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#! python3
#   `regexSearch`: Finds all lines matching a given regex in each file in a given folder.
#   Usage:
#       The directory to search and regex to be searched for are provided as a command line arguments.
#       The 1st and 2nd command line arguments are the directory and regex pattern respectively.
#       Script prompts the user to enter the regex.
#       After completion, the user is prompted to continue

import re, sys
from os import path, listdir

def regex_search(regex, directory):
    res, lst = {}, listdir(directory)
    for itm in lst:
        pth = path.join(path.abspath(directory), itm)
        if path.isdir(pth):   res.update(regex_search(regex, pth))    #Recursively traverse all sub directories.
        else:
            print(pth)
            with open(pth) as file:  
                tmp = []
                for idx, line in enumerate(file.readlines()):
                    results = regex.findall(line)
                    if results:  tmp.extend([f"Line {idx+1}: {results}"])
                res[pth] = tmp
    return res

if __name__ == "__main__":
    directory, pattern = sys.argv[1:3]
    while not path.isdir(directory):
        print("Error: Please input a valid path for an existing directory:", end = "\t")
        directory = input()
    while True:
        try:
            regex = re.compile(pattern)
            break
        except TypeError:
            print("Error: Please input a valid regex:", end = "\t")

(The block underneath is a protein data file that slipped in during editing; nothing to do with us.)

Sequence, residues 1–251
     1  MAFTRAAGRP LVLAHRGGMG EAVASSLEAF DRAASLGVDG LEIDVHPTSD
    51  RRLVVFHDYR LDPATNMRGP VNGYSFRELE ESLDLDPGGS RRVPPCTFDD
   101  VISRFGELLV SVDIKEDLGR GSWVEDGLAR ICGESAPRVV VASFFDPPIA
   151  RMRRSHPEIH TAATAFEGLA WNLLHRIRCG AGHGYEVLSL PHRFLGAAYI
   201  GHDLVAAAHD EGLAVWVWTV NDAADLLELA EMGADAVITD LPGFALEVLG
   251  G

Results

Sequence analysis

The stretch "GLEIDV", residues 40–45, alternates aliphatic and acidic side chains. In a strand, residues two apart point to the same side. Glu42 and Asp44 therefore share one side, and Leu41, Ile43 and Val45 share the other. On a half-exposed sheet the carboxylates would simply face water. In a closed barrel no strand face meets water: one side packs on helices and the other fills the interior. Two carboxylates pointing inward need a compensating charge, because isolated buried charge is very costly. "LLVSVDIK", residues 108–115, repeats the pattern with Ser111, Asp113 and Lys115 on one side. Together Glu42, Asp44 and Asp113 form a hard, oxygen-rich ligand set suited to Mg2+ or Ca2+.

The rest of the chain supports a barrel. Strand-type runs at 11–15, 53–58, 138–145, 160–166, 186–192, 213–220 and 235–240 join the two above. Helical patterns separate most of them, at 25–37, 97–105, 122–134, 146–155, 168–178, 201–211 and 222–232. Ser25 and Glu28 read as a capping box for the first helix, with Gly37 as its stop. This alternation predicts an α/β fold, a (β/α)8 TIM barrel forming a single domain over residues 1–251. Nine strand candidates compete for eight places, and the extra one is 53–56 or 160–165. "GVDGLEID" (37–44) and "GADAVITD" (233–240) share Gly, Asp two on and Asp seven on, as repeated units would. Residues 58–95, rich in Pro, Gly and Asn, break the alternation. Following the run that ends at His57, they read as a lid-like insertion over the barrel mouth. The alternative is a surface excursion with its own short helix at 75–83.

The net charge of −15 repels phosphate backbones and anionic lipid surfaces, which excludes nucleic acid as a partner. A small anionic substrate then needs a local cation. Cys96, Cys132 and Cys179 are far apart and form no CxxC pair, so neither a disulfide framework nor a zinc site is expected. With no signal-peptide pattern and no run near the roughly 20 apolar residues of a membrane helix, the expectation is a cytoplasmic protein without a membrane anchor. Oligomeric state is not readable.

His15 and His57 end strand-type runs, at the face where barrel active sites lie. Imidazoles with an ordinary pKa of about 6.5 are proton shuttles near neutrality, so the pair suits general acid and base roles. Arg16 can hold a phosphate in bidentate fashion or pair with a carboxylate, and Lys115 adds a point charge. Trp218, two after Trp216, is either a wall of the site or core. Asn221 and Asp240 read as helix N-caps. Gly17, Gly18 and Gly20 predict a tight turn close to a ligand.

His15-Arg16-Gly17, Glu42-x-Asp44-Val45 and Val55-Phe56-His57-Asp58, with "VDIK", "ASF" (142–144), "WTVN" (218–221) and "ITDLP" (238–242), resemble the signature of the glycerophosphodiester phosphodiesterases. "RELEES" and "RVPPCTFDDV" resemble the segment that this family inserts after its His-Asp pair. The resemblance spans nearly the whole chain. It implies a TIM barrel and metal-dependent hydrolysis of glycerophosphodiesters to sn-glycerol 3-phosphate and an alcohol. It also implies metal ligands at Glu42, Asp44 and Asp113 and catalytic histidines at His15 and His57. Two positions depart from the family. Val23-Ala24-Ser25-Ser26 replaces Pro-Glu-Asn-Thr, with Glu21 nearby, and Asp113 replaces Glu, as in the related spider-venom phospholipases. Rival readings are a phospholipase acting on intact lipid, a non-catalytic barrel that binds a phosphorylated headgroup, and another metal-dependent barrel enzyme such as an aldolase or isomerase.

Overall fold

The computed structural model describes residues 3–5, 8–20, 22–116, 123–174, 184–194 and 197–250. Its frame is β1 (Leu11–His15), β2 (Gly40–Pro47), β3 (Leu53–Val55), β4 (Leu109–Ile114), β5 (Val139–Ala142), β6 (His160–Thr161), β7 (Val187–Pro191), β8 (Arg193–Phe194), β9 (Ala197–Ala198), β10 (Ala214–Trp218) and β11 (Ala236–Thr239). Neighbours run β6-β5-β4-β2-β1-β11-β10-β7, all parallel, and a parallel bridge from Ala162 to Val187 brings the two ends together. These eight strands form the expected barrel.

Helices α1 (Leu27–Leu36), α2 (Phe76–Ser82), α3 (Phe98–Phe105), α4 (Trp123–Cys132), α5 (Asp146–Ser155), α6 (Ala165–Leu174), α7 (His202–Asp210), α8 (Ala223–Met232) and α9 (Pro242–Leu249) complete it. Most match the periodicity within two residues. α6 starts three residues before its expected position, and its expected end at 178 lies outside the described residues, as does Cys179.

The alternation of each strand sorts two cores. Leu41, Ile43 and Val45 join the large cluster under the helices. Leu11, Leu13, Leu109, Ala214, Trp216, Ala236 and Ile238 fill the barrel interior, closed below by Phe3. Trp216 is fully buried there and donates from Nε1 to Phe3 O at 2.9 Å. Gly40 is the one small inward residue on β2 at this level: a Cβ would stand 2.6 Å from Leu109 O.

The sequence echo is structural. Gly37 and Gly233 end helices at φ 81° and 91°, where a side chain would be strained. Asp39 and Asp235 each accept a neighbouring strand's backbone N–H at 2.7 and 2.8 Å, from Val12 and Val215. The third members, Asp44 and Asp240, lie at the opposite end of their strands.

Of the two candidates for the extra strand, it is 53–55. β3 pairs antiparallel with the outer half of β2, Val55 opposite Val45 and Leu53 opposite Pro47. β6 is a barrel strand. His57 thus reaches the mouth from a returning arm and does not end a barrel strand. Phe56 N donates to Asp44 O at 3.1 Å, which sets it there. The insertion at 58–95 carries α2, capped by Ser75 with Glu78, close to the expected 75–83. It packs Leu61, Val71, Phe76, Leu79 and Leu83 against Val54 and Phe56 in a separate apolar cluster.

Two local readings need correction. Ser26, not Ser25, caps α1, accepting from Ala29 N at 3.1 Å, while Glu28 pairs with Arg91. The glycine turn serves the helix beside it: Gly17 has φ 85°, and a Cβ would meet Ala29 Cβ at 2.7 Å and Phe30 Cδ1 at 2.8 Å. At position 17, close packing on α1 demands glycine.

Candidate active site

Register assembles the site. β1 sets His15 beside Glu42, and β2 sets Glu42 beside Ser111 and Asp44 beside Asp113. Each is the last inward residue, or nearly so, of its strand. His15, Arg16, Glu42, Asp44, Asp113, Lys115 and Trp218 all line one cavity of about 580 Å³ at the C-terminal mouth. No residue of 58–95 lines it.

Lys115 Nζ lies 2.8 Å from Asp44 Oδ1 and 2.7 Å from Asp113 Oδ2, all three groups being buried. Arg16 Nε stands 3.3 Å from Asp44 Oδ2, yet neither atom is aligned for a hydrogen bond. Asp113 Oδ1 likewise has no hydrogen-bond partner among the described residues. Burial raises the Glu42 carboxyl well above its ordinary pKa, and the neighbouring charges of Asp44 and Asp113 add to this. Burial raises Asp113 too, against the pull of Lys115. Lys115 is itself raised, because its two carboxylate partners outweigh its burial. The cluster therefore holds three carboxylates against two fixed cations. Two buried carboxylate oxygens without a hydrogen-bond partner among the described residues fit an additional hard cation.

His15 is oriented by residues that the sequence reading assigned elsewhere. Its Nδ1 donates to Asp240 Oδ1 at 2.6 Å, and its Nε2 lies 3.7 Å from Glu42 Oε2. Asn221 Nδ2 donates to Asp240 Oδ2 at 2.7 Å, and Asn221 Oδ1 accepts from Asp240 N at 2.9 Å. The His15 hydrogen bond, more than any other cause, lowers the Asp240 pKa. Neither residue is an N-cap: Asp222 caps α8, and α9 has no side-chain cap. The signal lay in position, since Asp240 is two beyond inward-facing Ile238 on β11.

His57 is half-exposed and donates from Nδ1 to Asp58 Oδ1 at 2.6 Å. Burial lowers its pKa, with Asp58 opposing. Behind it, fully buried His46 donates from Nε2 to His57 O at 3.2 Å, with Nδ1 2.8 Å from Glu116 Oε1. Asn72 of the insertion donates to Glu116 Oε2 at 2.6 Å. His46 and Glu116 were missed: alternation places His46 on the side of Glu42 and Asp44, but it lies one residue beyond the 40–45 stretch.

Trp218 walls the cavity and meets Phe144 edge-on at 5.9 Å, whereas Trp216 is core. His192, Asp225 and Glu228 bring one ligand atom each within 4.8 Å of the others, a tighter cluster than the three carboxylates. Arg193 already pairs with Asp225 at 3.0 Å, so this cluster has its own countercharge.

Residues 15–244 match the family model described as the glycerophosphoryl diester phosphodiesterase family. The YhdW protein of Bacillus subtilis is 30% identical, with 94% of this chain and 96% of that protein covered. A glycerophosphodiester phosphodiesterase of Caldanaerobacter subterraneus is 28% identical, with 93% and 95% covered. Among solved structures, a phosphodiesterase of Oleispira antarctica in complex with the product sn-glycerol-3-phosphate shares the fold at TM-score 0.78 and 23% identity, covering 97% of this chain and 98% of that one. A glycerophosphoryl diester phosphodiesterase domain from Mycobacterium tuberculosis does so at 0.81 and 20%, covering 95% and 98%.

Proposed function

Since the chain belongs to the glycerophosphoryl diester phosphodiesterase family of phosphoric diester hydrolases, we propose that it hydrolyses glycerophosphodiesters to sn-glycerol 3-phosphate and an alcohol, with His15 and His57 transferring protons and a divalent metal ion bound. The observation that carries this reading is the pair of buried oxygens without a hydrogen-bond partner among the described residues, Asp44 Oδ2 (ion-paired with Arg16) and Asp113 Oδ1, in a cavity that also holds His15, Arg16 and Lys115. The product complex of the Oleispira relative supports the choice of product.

pattern = input()
        except re.error:
            print("Error: Please input a valid regex:", end = "\t")
            pattern = input()
    matches = regex_search(regex, directory)
    for key in matches:  print(key, "\n".join(matches[key]), sep="\n", end="\n\n")
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Some improvements

  • Style

    Please indent your file properly, since indentation is important in Python, those lines like

    if path.isdir(pth):   res.update(regex_search(regex, pth))
    

    Are frowned upon, instead do

    if path.isdir(pth):
        res.update(regex_search(regex, pth))
    
  • Use glob for listing files in a directory

    With Python3.5+ glob is the easiest way to list all files in a directory and subdirectory, before you should use os.walk()

  • Use generators when appropriate

    This will save some memory space, as it doesn't have to append to the temporary list all the time

  • Use argparse over sys.argv[]

    Argparse is the module for CLI input, easy to use and has a ton of features I definitely recommend it!

Code

import argparse
import glob
import re
import os
import pathlib

def regex_search(regex, directory):
    for f in glob.glob(f"{directory}**/*.*", recursive=True):
        with open(f) as _file:
            for i, line in enumerate(_file.readlines()):
                if regex.search(line):
                    yield f"In file {f} matched: {line.rstrip()} at position: {i}"

def parse_args():
    parser = argparse.ArgumentParser(
        usage='%(prog)s [options] <regex> <directory>',
        formatter_class=argparse.RawDescriptionHelpFormatter
    )
    parser.add_argument('regex', type=str)
    parser.add_argument('directory', type=str)
    args = parser.parse_args()

    try:
        rgx = re.compile(args.regex)
    except Exception as e:
        parser.error('Regex does not compile')
    directory = pathlib.Path(args.directory)
    if not os.path.isdir(directory):
        parser.error('Directory is not valid')
    return rgx, directory

if __name__ == '__main__':
    regex, directory = parse_args()
    for match in regex_search(regex, directory):
        print(match)

Bonus Round!

grep is a Unix tool that can basically do this by default

grep -Hrn 'search term' path/to/dir

Where:

  • -H prints the matching line
  • -r Does a recursive search
  • -n prints the line number
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